White Elephant Blogathon: Feeding Boys, Ayaya (2003)

Image Source: Lustralboy

Synopsis:In modern-day Beijing, two boys from the same family end up on opposite ends of the same moral spectrum. Xiao Bo, seeking a career that allows him adventure and freedom from commitment while providing enough cash to keep him in designer clothes, turns to a life of prostitution. His brother Dabin is an Evangelical Christian who wants to save his brother from eternal damnation. Scheming to convince the boys of Beijing to reform their ways and find a path to happiness that doesn’t force them to sell their bodies on the streets, Dabin himself gets involved in prostitution when Xiao Bo goes missing. But will Dabin’s outrageous plan to martyr himself to his cause pay off – or will he fall into the same inescapable trap that ensnared his little brother?

This film was assigned to me by another sadistic participant in the White Elephant Blogathon, hosted by Silly Hats Only. Now in its fifth year, the WE seeks to showcase “cinema’s widows and orphans – notorious stinkers, cult favorites, so-bad-they’re-great classics, and movies that time almost forgot.” Check out Silly Hats today and all this weekend to watch the contributions pour in, including a review of the film I submitted, 1984’s Runaway, a futuristic crime drama starring Tom Selleck and KISS frontman Gene Simmons.

I know exactly what you’re thinking. “Hey! We suffered through all those Japanese animation reviews, but then she promised us she’d get back to classic film! And now we gotta read about some obscure direct-to-video Chinese movie from 2003? What gives?!? Is this an April Fools’ joke?”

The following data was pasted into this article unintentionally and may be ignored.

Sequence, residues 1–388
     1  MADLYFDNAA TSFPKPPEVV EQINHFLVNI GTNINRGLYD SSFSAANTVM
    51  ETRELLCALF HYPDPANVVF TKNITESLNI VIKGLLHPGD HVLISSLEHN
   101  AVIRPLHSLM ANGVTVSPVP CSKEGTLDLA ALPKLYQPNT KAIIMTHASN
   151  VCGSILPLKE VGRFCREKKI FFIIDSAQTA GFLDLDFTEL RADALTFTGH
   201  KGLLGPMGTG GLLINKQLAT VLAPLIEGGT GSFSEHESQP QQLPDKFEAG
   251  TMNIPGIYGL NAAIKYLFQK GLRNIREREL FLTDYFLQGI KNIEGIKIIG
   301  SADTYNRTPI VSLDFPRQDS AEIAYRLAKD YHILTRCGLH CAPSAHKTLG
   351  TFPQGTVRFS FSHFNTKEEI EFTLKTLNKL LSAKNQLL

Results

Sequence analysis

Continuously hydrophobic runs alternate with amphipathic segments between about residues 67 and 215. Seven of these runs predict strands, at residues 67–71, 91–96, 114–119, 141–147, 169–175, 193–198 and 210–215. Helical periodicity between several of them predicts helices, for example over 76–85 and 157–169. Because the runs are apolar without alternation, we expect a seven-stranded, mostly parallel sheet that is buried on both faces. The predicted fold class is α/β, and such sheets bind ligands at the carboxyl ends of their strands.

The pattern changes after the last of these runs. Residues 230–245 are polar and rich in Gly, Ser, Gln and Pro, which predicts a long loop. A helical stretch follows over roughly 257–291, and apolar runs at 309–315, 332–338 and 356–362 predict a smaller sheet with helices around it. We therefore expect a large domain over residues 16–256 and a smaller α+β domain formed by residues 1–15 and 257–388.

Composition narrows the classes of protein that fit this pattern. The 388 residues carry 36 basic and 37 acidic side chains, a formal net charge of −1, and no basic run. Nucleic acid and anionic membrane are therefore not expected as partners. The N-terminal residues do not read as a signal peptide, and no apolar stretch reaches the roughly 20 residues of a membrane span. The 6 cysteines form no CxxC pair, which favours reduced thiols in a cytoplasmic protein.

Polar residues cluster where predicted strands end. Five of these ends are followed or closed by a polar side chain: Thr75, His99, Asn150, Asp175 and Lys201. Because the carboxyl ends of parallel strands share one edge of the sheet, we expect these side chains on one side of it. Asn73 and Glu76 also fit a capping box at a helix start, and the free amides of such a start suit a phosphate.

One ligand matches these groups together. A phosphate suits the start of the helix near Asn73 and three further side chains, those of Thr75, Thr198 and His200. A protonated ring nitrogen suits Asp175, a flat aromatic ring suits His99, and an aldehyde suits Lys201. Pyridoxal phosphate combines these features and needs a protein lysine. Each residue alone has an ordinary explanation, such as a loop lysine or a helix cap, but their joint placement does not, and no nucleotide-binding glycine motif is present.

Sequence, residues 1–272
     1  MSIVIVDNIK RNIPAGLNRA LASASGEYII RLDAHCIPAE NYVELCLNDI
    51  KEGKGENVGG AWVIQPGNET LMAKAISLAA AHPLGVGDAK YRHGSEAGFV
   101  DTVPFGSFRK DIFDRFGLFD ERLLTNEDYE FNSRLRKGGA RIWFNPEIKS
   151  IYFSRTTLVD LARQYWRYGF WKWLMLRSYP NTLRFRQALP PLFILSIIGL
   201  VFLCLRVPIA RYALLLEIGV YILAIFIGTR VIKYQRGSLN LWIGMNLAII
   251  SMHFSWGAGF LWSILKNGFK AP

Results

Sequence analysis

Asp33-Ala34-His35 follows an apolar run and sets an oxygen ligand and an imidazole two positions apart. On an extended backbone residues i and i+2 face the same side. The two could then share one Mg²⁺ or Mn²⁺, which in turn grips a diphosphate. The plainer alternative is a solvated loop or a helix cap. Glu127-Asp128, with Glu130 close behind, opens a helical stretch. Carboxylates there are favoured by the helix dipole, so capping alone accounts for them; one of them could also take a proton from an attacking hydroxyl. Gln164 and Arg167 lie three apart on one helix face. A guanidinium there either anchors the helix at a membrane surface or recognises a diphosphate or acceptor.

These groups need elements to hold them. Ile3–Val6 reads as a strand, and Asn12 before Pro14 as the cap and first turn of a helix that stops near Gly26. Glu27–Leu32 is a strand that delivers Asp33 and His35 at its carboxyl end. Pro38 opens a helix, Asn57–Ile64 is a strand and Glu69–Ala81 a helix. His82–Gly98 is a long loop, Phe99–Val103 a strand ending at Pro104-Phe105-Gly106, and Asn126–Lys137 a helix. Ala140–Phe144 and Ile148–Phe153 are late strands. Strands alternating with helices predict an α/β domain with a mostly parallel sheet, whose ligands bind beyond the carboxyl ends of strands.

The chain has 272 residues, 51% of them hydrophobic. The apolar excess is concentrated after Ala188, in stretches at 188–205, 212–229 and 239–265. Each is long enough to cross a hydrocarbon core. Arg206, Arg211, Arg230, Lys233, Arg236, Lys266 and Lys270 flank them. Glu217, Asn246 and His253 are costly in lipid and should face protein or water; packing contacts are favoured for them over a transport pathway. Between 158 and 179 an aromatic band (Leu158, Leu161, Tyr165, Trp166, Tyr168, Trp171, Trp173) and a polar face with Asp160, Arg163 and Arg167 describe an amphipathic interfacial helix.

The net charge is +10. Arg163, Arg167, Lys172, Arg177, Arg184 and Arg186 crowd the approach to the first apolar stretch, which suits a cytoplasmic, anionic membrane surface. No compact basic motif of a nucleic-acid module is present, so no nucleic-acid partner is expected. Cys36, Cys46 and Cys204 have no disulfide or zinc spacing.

Well, yes. But it’s not an April Fools’ joke on you – it’s a joke on me.

A “white elephant” is defined as “a possession entailing great expense out of proportion to its usefulness or value to the owner.” It’s almost as if Zi’en Cui, the writer/director/producer of Feeding Boys, Ayaya (which I have been referring to around the house as Feeding Boys, Aye Carumba!), expected his film to become a white elephant, and therefore put as little time, money, and effort into it as possible. It doesn’t really matter if your film doesn’t make any profit whatsoever when you only spent $4 on it to begin with. Then again, it also turns the whole thing into a self-fulfilling prophecy, doesn’t it? Because, at its core, I don’t believe Feeding Boys is a bad film. The premise – about an Evangelical virgin in Beijing who seeks to infiltrate the world of male prostitution only to help its members see the light and reform their ways – is intriguing and original to say the least. But it’s not only the extremely low budget the film suffers from; the filmmakers also seem to lack even a basic understanding of how to make a movie. I wonder if the director has even seen a movie. The camera wobbles constantly, performers are perpetually out of frame – they filmed an entire daytime scene against a plate glass window, for goodness’ sake! I try pretty hard not to blame a filmmaker for things that are out of their control, such as budget and lack of formal training – but really, I’m only human. There’s only so much I can forgive. (more…)